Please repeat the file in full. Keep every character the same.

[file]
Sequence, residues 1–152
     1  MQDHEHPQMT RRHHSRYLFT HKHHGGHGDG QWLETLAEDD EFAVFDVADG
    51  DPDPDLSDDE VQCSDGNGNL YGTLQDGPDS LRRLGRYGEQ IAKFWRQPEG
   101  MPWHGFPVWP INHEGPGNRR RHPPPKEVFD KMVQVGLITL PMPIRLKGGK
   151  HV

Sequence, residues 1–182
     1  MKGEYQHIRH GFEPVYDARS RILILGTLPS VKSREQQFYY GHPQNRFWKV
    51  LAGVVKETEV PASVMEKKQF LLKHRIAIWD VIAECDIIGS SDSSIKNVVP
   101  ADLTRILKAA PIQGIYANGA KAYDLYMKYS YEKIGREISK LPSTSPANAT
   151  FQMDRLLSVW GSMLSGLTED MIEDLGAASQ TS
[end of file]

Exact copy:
Sequence, residues 1–152
     1  MQDHEHPQMT RRHHSRYLFT HKHHGGHGDG QWLETLAEDD EFAVFDVADG
    51  DPDPDLSDDE VQCSDGNGNL YGTLQDGPDS LRRLGRYGEQ IAKFWRQPEG
   101  MPWHGFPVWP INHEGPGNRR RHPPPKEVFD KMVQVGLITL PMPIRLKGGK
   151  HV

Sequence, residues 1–182
     1  MKGEYQHIRH GFEPVYDARS RILILGTLPS VKSREQQFYY GHPQNRFWKV
    51  LAGVVKETEV PASVMEKKQF LLKHRIAIWD VIAECDIIGS SDSSIKNVVP
   101  ADLTRILKAA PIQGIYANGA KAYDLYMKYS YEKIGREISK LPSTSPANAT
   151  FQMDRLLSVW GSMLSGLTED MIEDLGAASQ TS